In order to explore a society blended with different cultures, it is necessary to examine the Islamic point of view as the majority’s religion, which influences traditions. There are five main holy nights in Islam – Mawlid, Ragaib, Isra and Mi’raj, Night of Bara’at, and Laylat al-Qadr. Those holy nights on the Islamic calendar are called “Kandil” (candle) in Turkey since candles are lit on the minarets of the mosques to announce these holy nights to the public with one of the Ottoman Sultans, Selim II’s order during 16th century. In addition, since the Islamic calendar is calculated with the revolution of the moon around the earth, the dates of the holy nights change every year.
In Turkish culture, holy nights have a unique purpose compared to other Muslim societies. They include calling close relatives and friends to celebrate their holy night, beside praying for being forgiven and reading the Quran with their beads. Furthermore, most Muslims cook halva, holy night bagel or they buy at least seven packets of pasta, granulated sugar, rice, or seven loafs of bread to share with their neighbors. Let’s take a closer look at those holy nights and their importance for Muslims.
Mawlid: the word ”Mawlid” means the birth time in Arabic; therefore, Mawlid is the day for celebration of the Prophet Mohammad’s (Muslim’s prophet) birth. Until it had been celebrated approximately 350 years in Egypt by the Fatımid Empire, there was no such kind of celebration in Islamic culture. The date of the holiday changes depending on denominational differences, so the Sunni people celebrate on the 12th night of the Rabi’ al-awwal Month while Shiites celebrate on the 17th night of the Rabi’ al-awwal Month, according to the Islamic calendar.
Ragaib: “Ragaib” means to incline in Arabic and actually it has not been given a place, but Muslims have started to celebrate it over the years so it has become one of the holy nights. They believe that if they pray enough that night, they can go to heaven and their sins are forgiven. It is celebrated on the first Thursday of Rajab Month according to the Islamic calendar.
Isra and Mi’raj: The word “Mi’raj” means the stairs and ascension in Arabic, and Muslims believe that Mohammad traveled to heaven to have a conversation upon God’s request. The trip that is expressed in Surat al-Isra and Surat an-Najm has two parts; first he traveled from Masjid al-Haram to Al-Aqsa Mosque (the first kibla* for Muslims in Jerusalem) then he traveled to heaven to see God. This night is the symbol of redemption and circumcision, five times salath has become necessary for Muslims. It is celebrated on the 27th of Rajab Month, according to the Islamic calendar. As mentioned previously, Muslims pray for forgiveness and good wishes, and some of them fast that day. Some believe that wine, honey and milk are brought for him and he chooses milk among them. Thus, in Anatolia most people drink milk or prepare desserts with milk and share it with their neighbors. Also, it is called “Milk Night” in Konya for the same reason.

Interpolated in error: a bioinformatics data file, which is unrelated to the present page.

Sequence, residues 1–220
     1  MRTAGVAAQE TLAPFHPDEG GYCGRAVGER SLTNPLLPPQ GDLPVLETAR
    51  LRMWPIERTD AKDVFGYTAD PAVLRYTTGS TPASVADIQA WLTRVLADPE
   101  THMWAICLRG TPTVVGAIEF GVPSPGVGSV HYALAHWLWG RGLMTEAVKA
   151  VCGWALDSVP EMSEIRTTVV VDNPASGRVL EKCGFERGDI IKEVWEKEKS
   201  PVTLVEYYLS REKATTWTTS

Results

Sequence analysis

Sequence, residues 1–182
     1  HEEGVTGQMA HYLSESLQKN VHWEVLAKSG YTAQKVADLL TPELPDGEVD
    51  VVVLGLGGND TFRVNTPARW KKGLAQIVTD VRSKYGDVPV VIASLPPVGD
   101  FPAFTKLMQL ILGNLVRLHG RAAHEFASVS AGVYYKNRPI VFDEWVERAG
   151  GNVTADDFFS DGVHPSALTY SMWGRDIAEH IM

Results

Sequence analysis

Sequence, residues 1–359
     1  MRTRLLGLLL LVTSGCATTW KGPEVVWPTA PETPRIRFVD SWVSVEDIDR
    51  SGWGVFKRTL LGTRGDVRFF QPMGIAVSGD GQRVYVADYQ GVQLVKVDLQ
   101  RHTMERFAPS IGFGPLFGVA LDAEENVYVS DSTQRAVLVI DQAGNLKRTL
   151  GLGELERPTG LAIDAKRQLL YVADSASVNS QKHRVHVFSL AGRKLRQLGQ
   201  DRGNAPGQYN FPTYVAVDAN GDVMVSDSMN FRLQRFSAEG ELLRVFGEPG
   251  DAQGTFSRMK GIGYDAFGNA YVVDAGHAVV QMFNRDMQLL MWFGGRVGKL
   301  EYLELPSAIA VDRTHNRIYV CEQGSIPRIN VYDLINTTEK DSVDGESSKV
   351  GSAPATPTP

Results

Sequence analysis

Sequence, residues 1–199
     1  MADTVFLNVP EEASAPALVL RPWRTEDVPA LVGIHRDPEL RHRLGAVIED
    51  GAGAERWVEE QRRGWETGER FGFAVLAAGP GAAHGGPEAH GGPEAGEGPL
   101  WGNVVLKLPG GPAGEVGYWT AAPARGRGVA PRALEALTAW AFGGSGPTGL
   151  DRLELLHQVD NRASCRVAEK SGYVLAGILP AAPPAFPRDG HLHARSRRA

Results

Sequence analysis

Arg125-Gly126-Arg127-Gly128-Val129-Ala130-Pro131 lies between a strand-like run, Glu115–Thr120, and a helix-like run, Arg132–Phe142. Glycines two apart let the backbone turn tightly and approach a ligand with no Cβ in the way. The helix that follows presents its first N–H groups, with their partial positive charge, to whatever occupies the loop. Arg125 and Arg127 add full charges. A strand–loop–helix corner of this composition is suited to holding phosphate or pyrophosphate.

Night of Bara’at: The word “Bara’at” in Arabic means the night of innocence and freedom. According to Muslim belief, God freed his sinful servants who were destined for Hell. A person’s life in the coming year, his sustenance, and whether or not they will have the opportunity to perform Hajj (pilgrimage) shall be decided on this night. The names of the souls of all those who are born and of all those who are to depart from this world are determined. One’s actions are done and then sustenance is sent down. It is celebrated on the middle night of the Sha’ban Month, according to the Islamic calendar. Muslims pray more than usual during that night to change their destiny
Laylat al-Qadr: The meaning of the day is the night of decree, of value or destiny. According to Islamic belief, the Quran was revealed to Mohammad for the first time. The Quran was completed verse by verse in 23 years of revelation to Mohammad by Gabriel, the angel. It is one of the odd nights of the last ten days of Ramadan and is one of the most important and valuable days for Muslims. They believe that the blessings and mercy of God are abundant, sins are forgiven, prayers are accepted and the annual decree is revealed to the angels who also descend to earth on this night. Most Turkish Muslims complete reading the Quran (reading all of the pages of the Quran is called “hatim” in Turkish) by this night each year and pray that their sins are forgiven.
After all this religious information, I would like you to explore these holy nights from a different perspective – the food perspective! On all the holy nights, you can see holy night bagel (little ring-shaped dough covered with sesame seeds) in Patisseries for just holy night days. Some Turks make it in their home and share it with their neighbors. Here is the recipe for holy night bagel:
*125 gr butter
*1 tea glass of oil
*2 table spoon vinegar
*1 table spoon mahaleb
*1 table spoon granulated sugar
*1 dessert spoon salt
*1 packet baking powder
* 3-4 glasses of flour
Preparation: leave the eggs and butter at room temperature and separate the egg whites and yolk. Put the flour in a deep bowl and make a hole in the middle of it. Add the egg yolk, butter and other ingredients. Then knead the dough and add flour little by little until it become soft enough. Take a piece of dough the size of a walnut and roll it into the shape of a ring. Put a greaseproof paper on the tray and put down the holy night bagels you prepared. Then apply the egg whites that you separated before with the help of a brush. Lastly, sprinkle sesame seeds and put them in the oven at a temperature of 190 degrees C. Bake them until they are brown. Your holy night bagels are then ready to eat and share! Happy holy nights!
Senior student in Boğaziçi University, little big foodie, and mounted archery sporter. But actually just a human being ;)
Photo Credits: Khalid Almasoud